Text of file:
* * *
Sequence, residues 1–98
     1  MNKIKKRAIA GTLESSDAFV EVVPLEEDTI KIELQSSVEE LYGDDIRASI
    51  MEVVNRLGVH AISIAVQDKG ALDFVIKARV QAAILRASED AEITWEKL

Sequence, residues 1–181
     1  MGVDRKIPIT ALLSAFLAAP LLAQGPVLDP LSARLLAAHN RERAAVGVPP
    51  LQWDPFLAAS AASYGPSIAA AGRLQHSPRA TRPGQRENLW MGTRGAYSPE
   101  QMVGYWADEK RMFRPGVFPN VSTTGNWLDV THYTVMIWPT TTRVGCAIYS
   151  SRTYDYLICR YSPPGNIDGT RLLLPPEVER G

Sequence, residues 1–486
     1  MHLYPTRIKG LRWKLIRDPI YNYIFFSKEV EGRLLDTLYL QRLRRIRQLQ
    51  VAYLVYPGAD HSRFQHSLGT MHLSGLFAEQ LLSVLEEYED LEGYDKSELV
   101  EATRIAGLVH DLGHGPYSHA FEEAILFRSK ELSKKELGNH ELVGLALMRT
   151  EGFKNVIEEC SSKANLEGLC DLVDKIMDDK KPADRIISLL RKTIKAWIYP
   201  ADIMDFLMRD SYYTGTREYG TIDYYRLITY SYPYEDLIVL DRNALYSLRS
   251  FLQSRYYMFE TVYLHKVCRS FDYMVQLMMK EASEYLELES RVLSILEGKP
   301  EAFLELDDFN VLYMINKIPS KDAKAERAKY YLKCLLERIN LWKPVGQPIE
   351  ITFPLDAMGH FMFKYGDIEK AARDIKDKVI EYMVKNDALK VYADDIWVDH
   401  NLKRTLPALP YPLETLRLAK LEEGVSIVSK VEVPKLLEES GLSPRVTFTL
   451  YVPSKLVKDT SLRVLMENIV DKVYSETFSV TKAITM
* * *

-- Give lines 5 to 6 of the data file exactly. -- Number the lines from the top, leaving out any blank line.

     1  MGVDRKIPIT ALLSAFLAAP LLAQGPVLDP LSARLLAAHN RERAAVGVPP
    51  LQWDPFLAAS AASYGPSIAA AGRLQHSPRA TRPGQRENLW MGTRGAYSPE